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Tough Budget Choices Remain for Inglewood Schools

May 19, 1994|SAMANTHA DUNN | SPECIAL TO THE TIMES

Wanda Soto's classroom at Woodworth Elementary in Inglewood is decorated with the crayon-paper-glue art that only first-graders can master. The signs are happy: Hola! Hello!

Soto, who spent $50 of her own money on the supplies, is proud of the busy, inviting atmosphere. This is her first job and she says it suits her. Except she would like some more textbooks.

On the other side of town, Hudnell Elementary Principal Michael Adelman bought the stack of trash bags that classrooms will need until school is out next month. "I'll eventually get reimbursed when we get some petty cash around here," he said. "Sometimes we can borrow supplies from other schools, but everybody's low."

Such is the tight state of finances in the Inglewood School District as it rounds the bend toward the end of a bumpy fiscal year. Yet, because of personnel and supply cuts, the district will finish the 1993-94 school year with about $2 million.

This is good news for a district that can use some: Last fall, county education officials assigned a fiscal adviser to the district when it teetered toward insolvency with a $2-million deficit. State officials cited poor leadership and bad management practices as reasons the district failed to anticipate its budget problems.

To get out of trouble, the district closed Hillcrest Continuation School, laid off 18 teachers and 11 staff members and cut supplies, including textbooks. And it worked.

"But we're not out of danger yet," said school board President Loystene Irvin. The proposed 1994-95 budget includes $1.8 million more in expenditures than the district expects in revenue, even with the $2-million carry-over from this year.

Income from the state is not definite yet. "Between now and June 30 we don't ever know what's going to happen," said Kermet Dixson, assistant superintendent for business services. "We just hope it doesn't get worse."

District finance officials say they've already cut to the bone and now must turn to the messy prospect of renegotiating teacher benefits to balance the budget before June 30.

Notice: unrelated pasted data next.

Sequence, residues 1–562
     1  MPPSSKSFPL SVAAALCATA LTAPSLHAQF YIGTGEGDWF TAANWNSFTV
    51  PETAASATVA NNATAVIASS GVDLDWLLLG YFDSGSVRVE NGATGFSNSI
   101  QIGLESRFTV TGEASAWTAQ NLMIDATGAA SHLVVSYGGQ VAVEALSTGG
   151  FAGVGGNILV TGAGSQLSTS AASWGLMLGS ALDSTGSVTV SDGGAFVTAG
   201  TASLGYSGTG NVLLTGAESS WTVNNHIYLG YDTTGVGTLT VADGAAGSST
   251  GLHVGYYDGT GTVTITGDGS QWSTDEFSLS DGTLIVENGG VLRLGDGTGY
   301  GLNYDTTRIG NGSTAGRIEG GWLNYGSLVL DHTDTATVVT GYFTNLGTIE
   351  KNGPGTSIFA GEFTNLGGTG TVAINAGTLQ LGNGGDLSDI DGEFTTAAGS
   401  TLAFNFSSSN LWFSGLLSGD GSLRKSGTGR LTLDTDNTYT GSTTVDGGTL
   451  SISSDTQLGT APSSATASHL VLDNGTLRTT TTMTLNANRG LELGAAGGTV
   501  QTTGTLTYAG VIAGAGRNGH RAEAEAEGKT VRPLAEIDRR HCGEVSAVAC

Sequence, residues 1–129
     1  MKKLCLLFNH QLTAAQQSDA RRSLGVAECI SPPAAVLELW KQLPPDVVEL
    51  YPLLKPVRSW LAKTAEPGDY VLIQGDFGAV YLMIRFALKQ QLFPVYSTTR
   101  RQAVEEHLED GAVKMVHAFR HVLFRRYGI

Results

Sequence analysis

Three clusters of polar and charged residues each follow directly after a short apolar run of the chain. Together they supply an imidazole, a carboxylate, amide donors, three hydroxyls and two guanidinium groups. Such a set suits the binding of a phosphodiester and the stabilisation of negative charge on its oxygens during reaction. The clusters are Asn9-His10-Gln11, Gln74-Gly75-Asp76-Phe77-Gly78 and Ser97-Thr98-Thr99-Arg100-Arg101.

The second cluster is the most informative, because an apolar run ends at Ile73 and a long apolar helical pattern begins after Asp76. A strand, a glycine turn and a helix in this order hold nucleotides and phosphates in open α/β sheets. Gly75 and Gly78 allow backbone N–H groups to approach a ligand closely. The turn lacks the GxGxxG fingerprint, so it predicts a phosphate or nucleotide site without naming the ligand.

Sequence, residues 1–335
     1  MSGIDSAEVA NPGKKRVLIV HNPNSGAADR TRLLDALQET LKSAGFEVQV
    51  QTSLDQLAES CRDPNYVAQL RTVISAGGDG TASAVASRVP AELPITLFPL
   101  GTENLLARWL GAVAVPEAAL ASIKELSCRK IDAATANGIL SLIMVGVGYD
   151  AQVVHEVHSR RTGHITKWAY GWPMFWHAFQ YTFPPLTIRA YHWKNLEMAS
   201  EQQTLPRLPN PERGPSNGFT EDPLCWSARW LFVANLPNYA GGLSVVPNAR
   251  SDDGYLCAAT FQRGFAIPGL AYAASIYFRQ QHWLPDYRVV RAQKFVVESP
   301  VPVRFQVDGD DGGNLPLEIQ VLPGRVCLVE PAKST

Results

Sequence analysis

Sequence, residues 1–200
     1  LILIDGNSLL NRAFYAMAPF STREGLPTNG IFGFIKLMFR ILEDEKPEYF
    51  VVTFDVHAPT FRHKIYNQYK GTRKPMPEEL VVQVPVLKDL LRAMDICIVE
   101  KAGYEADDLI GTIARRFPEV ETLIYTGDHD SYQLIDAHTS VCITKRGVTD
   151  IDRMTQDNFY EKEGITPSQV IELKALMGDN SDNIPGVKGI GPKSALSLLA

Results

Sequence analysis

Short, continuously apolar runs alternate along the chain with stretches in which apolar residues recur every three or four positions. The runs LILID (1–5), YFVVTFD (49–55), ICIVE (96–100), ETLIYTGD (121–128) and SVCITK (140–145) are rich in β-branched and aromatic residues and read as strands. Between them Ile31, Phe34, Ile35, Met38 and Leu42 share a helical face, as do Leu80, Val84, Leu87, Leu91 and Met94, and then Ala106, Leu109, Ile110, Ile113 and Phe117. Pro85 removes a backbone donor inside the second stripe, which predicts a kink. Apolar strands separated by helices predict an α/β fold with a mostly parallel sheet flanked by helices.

"There are going to be very few opportunities for reduction," Dixson said. "We can't have wholesale layoffs. There aren't that many people left."

About 87% of the district's budget is tied up in salaries and benefits; another 9% is dedicated to hard such as utilities that can't be argued.

A state panel of experts sent to review the district in October pointed to work contracts and free health insurance for all employees' dependents as fiscally impractical. Last year, the district renegotiated the benefits for classified personnel but not for teachers.

Dixson said the school board will be presented with budget reductions Wednesday and said a benefits renegotiation package is scheduled to be presented to the unions in the next two weeks.

Union representatives did not return repeated telephone calls.

Some school board members wonder why Inglewood is again facing a painful budget balancing act.

"The kinds of things that got us into difficulty with the county and state should have been anticipated," said Larry Aubry, a board member for six years. "Somehow as a district we were not as vigilant as we needed to be. The board relies on the staff to inform it, but I guess these decisions are just too important to rely on other people for."

Board member Dexter Henderson said at a recent budget workshop that the board needs to develop a philosophy on how the district should spend money.

Aubry agreed. "We are still reactive. We are not saying, 'These are the areas we want to put our dough into.' "

Just how the board will set priorities depends on what kind of person takes the reins from Supt. George J. McKenna III when his contract expires at the end of next month, Aubry said.

"I think we have not had the kind of communication and accountability that is required," he said.

McKenna could not be reached for comment.

But Dixson points to the state's recent crisis in funding education as the real issue. "They can tell us to make five-year budget plans and that sounds good, but when you don't know what kind of money is really coming in, it doesn't mean much," she said.

The district would not be facing such a deficit if only enrollment hadn't gone down by 300 students, which translated to almost $1 million less revenue from the state, Dixson said. State money is based on the number of students who attend each day.

"We have no idea why enrollment went down across grade levels as it did in the last semester," Dixson said. "We thought it might be the earthquake."

Meanwhile, teachers and principals in the district's 18 schools must continue teaching about 16,695 children.

"A good teacher can teach skills with just a blackboard and chalk," said Woodworth Elementary Principal Lacy Alexander. But textbooks help, he admits.

Community correspondent Susan Woodward contributed to this story.

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